Independent journalist Amy Castor has received a defamation lawsuit threat from a Switzerland-based firm over her recent QuadrigaCX coverage.
In one of her recent articles, Castor accused WB21, a payment processing company, of sitting on QuadrigaCX’s $9 million funds. The journalist cited the court affidavit, filed by Jennifer Robertson, the widow of QuadrigaCX’s CEO Gerald Cotten, which mentioned that Wb21 was “refusing to release the funds or respond to communications from Quadriga.”
[Read More: NewsBTC’s Coverage of QuadrigaCX]
WB21 works as a virtual bank with services spread across 180 countries. In 2016, the company announced that it was exchanging bitcoins for fiat currency. Castor reported that WB21 was merely accepting clients’ bitcoin and was outsourcing the converting-task to BitPay. The rest of Castor’s story accused WB21 of promoting false advertisements, faking their cross-border payment figures, and stealing money from its customers.
“Consumer review website Trustpilot has a long list of people complaining that WB21 has taken their money and gone silent,” Castor noted.
QuadrigaCX Affidavit has Errors
After Castor published the story on her independent blog, Amish Patel, WB21’s head of litigation, refuted most of the journalist’s findings. He clarified that WB21 had merely frozen Quadriga’s assets while the number mentioned in the said court affidavit were unconfirmed.
“It is incorrect to suggest that WB21 is not showing any sign of wanting to hand over those funds. The court-appointed monitor [Ernst & Young] has been informed that the account is under investigation.”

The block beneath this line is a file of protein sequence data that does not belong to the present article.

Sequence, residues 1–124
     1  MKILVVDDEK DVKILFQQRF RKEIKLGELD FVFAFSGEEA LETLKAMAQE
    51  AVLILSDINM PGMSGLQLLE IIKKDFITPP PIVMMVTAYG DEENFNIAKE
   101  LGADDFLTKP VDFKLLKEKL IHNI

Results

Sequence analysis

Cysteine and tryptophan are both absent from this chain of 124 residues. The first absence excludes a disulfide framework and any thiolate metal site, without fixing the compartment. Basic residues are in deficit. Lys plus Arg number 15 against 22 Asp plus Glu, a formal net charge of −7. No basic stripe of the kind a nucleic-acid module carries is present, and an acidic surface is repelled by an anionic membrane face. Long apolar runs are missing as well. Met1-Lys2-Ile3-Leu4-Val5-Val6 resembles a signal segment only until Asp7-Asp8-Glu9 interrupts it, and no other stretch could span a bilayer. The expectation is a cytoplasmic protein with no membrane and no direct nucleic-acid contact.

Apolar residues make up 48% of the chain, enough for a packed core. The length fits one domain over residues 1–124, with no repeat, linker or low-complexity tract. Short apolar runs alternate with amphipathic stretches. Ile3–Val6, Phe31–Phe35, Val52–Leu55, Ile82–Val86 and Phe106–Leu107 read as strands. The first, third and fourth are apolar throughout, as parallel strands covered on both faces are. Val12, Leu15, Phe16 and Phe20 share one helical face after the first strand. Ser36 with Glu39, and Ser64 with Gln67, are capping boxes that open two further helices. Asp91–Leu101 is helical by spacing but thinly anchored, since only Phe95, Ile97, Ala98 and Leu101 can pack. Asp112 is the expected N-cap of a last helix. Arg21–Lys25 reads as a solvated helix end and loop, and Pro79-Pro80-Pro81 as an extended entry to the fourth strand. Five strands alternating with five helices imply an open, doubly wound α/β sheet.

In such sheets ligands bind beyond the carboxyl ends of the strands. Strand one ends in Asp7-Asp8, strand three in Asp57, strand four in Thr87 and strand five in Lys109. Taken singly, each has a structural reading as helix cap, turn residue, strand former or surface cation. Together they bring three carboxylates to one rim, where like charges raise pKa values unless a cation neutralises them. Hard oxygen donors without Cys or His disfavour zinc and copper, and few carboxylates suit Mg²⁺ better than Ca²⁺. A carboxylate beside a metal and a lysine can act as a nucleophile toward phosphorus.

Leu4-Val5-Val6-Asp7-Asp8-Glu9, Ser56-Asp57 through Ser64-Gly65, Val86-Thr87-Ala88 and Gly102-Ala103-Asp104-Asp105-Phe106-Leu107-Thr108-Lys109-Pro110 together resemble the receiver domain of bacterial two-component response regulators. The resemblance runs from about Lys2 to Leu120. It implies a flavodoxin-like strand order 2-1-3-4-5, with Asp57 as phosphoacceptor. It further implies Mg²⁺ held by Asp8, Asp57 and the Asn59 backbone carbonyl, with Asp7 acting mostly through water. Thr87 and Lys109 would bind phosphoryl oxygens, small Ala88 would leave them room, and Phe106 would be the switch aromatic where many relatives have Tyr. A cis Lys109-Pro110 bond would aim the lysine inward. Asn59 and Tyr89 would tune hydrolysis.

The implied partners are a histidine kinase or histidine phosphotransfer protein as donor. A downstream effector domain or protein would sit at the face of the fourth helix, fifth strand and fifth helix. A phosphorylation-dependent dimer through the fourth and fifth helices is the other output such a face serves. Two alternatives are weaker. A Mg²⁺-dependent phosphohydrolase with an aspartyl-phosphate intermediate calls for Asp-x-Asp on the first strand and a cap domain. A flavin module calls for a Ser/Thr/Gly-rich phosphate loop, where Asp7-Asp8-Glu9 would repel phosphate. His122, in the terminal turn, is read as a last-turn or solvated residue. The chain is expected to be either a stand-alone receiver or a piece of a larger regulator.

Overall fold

Patel also refuted Castor’s coverage of WB21 CEO Michael Gastauer. The investigative journalist claimed that Gastauer had misrepresented the selling of his old payment business, dubbed as Apex Group, at $480 million. Citing an FT.com report, covered by Kadhim Shubber, Castor wrote that no evidence showed that Gastauer had sold Apex. Atop that, she mentioned how the WB21 CEO was one of the accused in a civil lawsuit filed by the US Securities and Exchange Commission (SEC).
Gastauer allegedly aided and abetted the fraudulent sale of $165 million worth of shares in microcap stocks.
WB21 Threatens Lawsuit
Patel said that allegations against Gastauer had been denied and “will be defended.” He also told Castor to remove such remarks from her report or risk facing a defamation lawsuit. Castor took the matter to her Twitter profile.
1/4 – WB21 sent me an email accusing me of defamation and threatening me with legal action if I did not immediately make changes to my WB21 article.
My original article: https://t.co/7DFAT1Xird
WB21 full letter: https://t.co/Mr1KVKOR0V
WB21 amended doc: https://t.co/ejVOUFpnvK pic.twitter.com/h1e9VQaY6E
— Amy Castor (@ahcastor) March 6, 2019
Castor refused to amend the article but upgraded it to add Patel’s response. In his next response, Patel asked Castor not to use his name in her coverages. Castor replied:
“Patrel then wrote me again and “prohibiting” from using his name in the story. (Is Amish Patrel a real person? A Google search brings up nothing.)”
When companies in our space threaten lawsuits for unflattering coverage, they deserve the full "Streisand" effect. Please RT, then read @ahcastor article about WB21's.
This is shady behavior and should not be tolerated https://t.co/FzqSbR2ndL
— Andreas M. Antonopoulos (@aantonop) March 22, 2019
The cryptocurrency community, which is closely following the developments in the Quadriga case, took sides with Castor. Andreas Antonopolous, a renowned bitcoin evangelist, wrote:
“When companies in our space threaten lawsuits for unflattering coverage, they deserve the full “Streisand” effect […] This is shady behavior and should not be tolerated.”